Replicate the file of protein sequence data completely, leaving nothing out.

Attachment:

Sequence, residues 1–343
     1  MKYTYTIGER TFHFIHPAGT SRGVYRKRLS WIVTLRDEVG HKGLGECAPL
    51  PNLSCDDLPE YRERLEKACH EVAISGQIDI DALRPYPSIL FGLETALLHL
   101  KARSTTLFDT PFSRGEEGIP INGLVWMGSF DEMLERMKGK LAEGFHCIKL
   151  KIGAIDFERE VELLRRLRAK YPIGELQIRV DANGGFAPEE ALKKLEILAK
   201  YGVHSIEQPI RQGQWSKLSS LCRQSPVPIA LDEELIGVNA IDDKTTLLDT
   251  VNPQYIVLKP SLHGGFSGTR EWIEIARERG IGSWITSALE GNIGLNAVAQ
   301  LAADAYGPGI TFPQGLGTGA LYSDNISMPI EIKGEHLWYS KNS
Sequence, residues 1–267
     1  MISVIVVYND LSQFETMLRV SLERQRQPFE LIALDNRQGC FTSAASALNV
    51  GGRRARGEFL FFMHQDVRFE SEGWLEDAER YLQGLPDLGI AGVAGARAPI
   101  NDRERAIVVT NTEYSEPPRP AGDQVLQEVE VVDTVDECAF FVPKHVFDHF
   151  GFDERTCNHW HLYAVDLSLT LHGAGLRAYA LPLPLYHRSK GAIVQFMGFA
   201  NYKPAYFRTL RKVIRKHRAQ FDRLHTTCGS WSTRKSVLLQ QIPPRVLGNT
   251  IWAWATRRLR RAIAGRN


Sequence, residues 1–343
     1  MKYTYTIGER TFHFIHPAGT SRGVYRKRLS WIVTLRDEVG HKGLGECAPL
    51  PNLSCDDLPE YRERLEKACH EVAISGQIDI DALRPYPSIL FGLETALLHL
   101  KARSTTLFDT PFSRGEEGIP INGLVWMGSF DEMLERMKGK LAEGFHCIKL
   151  KIGAIDFERE VELLRRLRAK YPIGELQIRV DANGGFAPEE ALKKLEILAK
   201  YGVHSIEQPI RQGQWSKLSS LCRQSPVPIA LDEELIGVNA IDDKTTLLDT
   251  VNPQYIVLKP SLHGGFSGTR EWIEIARERG IGSWITSALE GNIGLNAVAQ
   301  LAADAYGPGI TFPQGLGTGA LYSDNISMPI EIKGEHLWYS KNS
Sequence, residues 1–267
     1  MISVIVVYND LSQFETMLRV SLERQRQPFE LIALDNRQGC FTSAASALNV
    51  GGRRARGEFL FFMHQDVRFE SEGWLEDAER YLQGLPDLGI AGVAGARAPI
   101  NDRERAIVVT NTEYSEPPRP AGDQVLQEVE VVDTVDECAF FVPKHVFDHF
   151  GFDERTCNHW HLYAVDLSLT LHGAGLRAYA LPLPLYHRSK GAIVQFMGFA
   201  NYKPAYFRTL RKVIRKHRAQ FDRLHTTCGS WSTRKSVLLQ QIPPRVLGNT
   251  IWAWATRRLR RAIAGRN